The Times explains the significance of this by stating Russian “intelligence operatives now appear prepared to cross a line that they previously avoided” in the attempted assassination.
“The red lines are long gone for Putin,” Marc Polymeropoulos, a former CIA officer who oversaw operations in Europe and Russia, told the Times. “He wants all these guys dead.”
The target was Aleksandr Poteyev, a former Russian intelligence officer who disclosed information that led to a yearslong FBI. investigation that in 2010 ensnared 11 spies living under deep cover in suburbs and cities along the East Coast. They had assumed false names and worked ordinary jobs as part of an ambitious attempt by the SVR, Russia’s foreign intelligence agency, to gather information and recruit more agents.
The assassination attempt on Poteyev, chronicled in the new book Spies: The Epic Intelligence War Between East and West by Calder Walton, a scholar of national security and intelligence at Harvard, eventually failed, but escalated tensions between American and Russian intelligence services.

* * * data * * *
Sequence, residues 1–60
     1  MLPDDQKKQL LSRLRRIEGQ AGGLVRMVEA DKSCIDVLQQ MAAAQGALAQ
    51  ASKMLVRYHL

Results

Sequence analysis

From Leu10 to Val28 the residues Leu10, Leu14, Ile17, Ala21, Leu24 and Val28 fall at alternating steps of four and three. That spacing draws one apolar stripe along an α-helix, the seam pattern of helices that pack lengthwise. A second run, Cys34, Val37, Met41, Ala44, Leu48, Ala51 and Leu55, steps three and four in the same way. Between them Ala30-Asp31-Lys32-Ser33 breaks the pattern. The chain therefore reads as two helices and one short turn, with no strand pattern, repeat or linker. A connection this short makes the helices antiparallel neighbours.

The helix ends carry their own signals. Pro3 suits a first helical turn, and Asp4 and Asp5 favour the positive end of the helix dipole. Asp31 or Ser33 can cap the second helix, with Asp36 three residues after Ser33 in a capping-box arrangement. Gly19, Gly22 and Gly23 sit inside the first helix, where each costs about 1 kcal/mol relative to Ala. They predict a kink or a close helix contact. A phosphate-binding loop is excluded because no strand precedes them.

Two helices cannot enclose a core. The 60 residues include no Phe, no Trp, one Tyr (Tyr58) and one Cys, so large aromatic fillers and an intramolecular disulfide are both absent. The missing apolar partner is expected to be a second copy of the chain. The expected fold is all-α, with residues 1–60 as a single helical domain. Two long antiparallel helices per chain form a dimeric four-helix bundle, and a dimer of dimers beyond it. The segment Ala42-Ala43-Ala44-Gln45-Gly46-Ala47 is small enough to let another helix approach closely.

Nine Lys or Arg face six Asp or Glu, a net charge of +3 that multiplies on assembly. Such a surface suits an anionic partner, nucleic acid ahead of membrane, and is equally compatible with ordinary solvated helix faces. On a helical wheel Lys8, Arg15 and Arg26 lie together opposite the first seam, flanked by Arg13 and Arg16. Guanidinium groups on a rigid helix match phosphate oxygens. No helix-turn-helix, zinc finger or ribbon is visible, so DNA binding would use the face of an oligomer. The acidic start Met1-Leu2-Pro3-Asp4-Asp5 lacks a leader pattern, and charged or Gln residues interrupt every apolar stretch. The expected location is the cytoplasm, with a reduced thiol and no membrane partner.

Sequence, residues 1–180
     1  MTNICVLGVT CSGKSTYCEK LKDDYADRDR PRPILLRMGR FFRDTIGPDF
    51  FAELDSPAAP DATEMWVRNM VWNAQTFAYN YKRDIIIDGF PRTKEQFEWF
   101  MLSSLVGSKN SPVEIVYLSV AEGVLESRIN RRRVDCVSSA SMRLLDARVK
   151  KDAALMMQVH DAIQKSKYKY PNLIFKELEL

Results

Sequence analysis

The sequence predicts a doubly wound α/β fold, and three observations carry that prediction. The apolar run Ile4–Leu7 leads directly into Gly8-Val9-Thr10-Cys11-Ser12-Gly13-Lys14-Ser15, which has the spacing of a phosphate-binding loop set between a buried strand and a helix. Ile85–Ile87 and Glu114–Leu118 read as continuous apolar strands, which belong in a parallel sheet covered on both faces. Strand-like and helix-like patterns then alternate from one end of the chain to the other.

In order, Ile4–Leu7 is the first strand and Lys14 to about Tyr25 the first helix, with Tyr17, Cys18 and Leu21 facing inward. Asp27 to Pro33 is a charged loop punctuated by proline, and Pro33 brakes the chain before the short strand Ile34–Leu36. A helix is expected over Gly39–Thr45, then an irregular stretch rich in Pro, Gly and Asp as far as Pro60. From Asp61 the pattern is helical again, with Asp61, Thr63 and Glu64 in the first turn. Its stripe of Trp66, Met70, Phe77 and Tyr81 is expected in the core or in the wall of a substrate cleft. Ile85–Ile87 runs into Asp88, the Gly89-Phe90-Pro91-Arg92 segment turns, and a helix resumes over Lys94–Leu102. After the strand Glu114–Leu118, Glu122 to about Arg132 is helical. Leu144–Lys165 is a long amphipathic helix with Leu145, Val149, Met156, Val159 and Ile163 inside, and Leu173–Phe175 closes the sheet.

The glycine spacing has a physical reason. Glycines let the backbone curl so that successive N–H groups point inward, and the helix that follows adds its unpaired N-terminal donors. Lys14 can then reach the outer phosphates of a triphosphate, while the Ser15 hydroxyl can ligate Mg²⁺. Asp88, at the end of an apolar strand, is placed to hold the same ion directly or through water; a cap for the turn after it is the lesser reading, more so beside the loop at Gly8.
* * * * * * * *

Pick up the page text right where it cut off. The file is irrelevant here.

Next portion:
According to Mr. Walton’s book, a Kremlin official asserted that a hit man, or a Mercader, would almost certainly hunt down Mr. Poteyev. Ramón Mercader, an agent of Joseph Stalin’s, slipped into Leon Trotsky’s study in Mexico City in 1940 and sank an ice ax into his head. Based on interviews with two American intelligence officials, Mr. Walton concluded the operation was the beginning of “a modern-day Mercader” sent to assassinate Mr. Poteyev.
The New York Times has independently confirmed Walton’s reporting of the facts, and the bungling of the attempted assassination by Hector Alejandro Cabrera Fuentes, a microbiology scientist from Oaxaca, Mexico.
Russia had coerced Fuentes, who had no experience as a spy, into helping with the plot by not allowing his Russian wife and her two daughters to leave the country. Fuentes also had a wife in Mexico.
He later confessed to the plan when he was caught trying to flee to Mexico and US Customs and Border Protection found a photo of Poteyev’s vehicle on his phone.